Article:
Monk Strap: Men’s shoes with buckles

According to some sources, the origin of monk straps (i.e. shoes with buckles) can be traced back to the shoes worn by horsemen in the eighteenth century. Riding boots, in fact, often had – and still do – buckles through which the spurs were fixed to the shoe. 

This accessory would thus become part of the design of the shoes and from here, over time; it has become a characterizing element of classic men’s models. The monk straps are an original middle ground between the formal lace-up shoe and the sportier moccasin. 

It is advisable to wear them with tight-fitting trousers and tight at the bottom. Precisely because of their harmony with dry lines, shoes with buckles have come back particularly in vogue in recent years, especially in their double buckle variant.


Duilio Men’s Shoes: For a classic style

The duilio are very classic men’s shoes, characterized by full-bodied and rigid leathers, often polished to perfection. 

The small holes decoration is typical, directly from the brogues, but “closed” like Oxford. Both the latter and the duilio shoes can be recognized by a very precise detail: the two flaps of leather that house the rows of eyelets are sewn entirely to the shoe, except for the slit of the laces. 

In this way you have a very formal shoe, but with character. Other distinctive signs: the toe is usually oval or almond-shaped, bordered by a linear captoe, not a dovetail (like brogues instead), the heel and the central upper clearly delimited by stitching and decorations with holes.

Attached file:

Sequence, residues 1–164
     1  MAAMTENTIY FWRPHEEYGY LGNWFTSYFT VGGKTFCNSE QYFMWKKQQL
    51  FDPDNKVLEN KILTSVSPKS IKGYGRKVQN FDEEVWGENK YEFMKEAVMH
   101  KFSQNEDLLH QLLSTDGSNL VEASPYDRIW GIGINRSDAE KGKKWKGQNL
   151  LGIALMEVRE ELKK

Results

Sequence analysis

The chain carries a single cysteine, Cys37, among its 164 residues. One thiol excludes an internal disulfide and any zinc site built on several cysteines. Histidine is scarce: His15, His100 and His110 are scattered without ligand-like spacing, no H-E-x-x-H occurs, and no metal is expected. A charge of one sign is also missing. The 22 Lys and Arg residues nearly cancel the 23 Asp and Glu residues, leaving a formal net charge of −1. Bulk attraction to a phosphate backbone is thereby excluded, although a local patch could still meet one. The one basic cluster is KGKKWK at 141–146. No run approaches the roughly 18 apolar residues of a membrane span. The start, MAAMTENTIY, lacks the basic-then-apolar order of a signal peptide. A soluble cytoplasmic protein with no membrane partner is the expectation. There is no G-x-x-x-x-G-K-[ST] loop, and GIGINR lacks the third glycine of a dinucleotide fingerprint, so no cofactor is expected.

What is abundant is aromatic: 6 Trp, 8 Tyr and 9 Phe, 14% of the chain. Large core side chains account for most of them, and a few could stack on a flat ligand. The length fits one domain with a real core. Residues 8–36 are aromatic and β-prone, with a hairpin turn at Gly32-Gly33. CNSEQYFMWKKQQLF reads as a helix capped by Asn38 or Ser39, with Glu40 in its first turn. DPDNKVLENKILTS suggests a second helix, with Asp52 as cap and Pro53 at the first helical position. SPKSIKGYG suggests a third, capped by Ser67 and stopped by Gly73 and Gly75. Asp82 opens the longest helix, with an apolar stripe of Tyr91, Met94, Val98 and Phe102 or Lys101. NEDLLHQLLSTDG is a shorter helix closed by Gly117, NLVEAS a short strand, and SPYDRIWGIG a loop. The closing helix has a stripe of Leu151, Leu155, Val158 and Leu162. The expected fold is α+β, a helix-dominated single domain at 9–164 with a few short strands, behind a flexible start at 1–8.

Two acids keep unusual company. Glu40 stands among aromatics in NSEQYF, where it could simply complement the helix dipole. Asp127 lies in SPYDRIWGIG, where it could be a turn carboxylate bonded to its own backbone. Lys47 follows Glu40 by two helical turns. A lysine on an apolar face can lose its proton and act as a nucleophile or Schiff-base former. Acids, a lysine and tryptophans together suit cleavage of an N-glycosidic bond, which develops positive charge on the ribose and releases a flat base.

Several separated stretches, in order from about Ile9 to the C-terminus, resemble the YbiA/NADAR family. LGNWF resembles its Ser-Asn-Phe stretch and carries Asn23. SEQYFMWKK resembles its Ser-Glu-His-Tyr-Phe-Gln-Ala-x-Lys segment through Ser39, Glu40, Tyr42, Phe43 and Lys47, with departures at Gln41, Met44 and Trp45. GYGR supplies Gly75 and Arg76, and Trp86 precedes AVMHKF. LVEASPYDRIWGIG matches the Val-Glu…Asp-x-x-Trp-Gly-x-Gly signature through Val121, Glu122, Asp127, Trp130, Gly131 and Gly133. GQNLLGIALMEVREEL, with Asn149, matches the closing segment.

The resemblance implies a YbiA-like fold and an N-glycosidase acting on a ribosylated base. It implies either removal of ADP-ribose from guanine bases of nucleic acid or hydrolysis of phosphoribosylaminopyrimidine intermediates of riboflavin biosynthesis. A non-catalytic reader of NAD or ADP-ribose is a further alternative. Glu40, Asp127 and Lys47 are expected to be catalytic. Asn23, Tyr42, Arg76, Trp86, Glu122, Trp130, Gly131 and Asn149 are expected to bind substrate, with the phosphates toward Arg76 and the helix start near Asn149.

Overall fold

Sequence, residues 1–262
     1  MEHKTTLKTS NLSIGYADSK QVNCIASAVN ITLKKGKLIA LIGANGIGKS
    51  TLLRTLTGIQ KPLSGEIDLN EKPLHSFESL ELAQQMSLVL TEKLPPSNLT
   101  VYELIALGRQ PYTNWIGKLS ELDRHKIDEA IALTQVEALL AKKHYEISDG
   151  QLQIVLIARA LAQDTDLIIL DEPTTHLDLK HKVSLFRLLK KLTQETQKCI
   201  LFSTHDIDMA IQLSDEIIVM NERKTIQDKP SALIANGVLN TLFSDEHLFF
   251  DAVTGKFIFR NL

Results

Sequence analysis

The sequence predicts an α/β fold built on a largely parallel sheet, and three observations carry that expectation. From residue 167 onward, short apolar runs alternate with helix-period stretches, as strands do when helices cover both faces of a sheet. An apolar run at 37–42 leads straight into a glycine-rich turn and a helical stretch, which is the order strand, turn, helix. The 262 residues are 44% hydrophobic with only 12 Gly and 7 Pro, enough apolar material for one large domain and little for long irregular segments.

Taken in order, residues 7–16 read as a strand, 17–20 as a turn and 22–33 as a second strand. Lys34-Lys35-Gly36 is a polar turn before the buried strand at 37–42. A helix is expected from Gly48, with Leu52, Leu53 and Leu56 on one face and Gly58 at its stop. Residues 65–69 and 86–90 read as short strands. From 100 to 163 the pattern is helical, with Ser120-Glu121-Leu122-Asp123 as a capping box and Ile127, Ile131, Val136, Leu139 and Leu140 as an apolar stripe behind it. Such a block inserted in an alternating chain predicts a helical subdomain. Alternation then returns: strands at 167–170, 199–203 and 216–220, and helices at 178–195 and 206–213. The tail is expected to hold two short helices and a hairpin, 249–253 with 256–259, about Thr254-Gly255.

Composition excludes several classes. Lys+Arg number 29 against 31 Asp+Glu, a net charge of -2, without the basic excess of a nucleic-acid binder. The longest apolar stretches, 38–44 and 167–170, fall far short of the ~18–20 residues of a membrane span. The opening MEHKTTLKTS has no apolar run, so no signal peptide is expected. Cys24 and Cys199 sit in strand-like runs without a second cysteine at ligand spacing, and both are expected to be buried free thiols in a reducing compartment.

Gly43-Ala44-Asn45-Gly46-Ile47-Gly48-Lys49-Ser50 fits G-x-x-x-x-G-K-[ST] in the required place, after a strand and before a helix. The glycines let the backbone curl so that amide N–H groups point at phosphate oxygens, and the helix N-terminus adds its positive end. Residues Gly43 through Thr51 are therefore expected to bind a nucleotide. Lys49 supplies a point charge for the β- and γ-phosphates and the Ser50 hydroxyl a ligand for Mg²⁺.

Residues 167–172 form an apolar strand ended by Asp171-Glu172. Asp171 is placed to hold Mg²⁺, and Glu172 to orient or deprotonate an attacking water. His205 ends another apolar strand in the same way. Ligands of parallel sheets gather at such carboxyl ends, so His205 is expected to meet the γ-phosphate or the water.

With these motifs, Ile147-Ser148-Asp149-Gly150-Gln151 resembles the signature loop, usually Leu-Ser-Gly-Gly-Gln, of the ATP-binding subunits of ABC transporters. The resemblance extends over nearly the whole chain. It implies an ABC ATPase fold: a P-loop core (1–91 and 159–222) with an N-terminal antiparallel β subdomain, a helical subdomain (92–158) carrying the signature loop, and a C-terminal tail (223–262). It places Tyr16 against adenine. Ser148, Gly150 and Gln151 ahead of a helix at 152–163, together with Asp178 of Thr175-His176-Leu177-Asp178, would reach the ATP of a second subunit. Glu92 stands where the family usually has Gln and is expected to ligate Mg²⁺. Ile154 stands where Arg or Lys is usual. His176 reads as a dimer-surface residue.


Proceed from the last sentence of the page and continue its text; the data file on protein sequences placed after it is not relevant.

The best is obtained with the warm shades of chestnut or dark brown. They give depth and prominence to the openwork. The black option tends to lose charm and charisma. They are excellent with tweed and important wool fabrics and in unusual colors (amaranth, bottle green, navy).


Brogues: The perfect men’s shoes for casual looks

Footwear of Scottish origins, brogues are born as a “modern” evolution of the traditional shoes of this nation. The distinctive feature is the pierced “dovetail” decoration at the tip, and very “rustic” in the shapes, full and not slender. 

The sole is thick, in leather or rubber, and in this model we see the flaps of the eyelets not sewn on the lower side, therefore “free” to widen the fit and perhaps make it “easier” and more comfortable. 

Perfect for casual, sporty looks and to get closer to striped velvets, moleskin in unusual but natural colors.


Bonded Model Shoes: A mix of Oxford and Brogues

The shoe model called tied is stylistically placed halfway between the oxford and the brogue. If from the first it takes the more streamlined and formal shape, it remains less and less elegant but never as rustic as the classic brogue. 

The punching with small holes is present, but hardly in a massive way and here too we have free fins (detail for which it differs from the duilio model). In short, they are the perfect footwear for the undecided!


Spectator: Men’s two-tone Shoes

The Spectator is the two-tone laced shoe

It’s often seen in black and white, in navy and cream, red and beige. It is therefore not formal. It is sometimes cheeky and excellent for attracting attention: if it is easy to find it in the classic brushed calfskin, there is no shortage of patent leather versions. 

It is sometimes accompanied by sporty decorations such as tassels on the laces, fringes. Its golf version is very famous. The colored parts are usually the heel and the “dovetail” of the toe. The flaps can be closed or open. A heel of greater thickness (height) than normal is allowed, as well as a very low heel.


Burford: The perfect shoes for the office

Another mix: burford shoes combine the comfort of the derby and the formal line of the oxford. Usually we find them only in dark colors since they want to be the formal alternative to the derby (for those with high instep) without getting into the sporty one. We could also compare them to the legate but without holes. Great for office wear.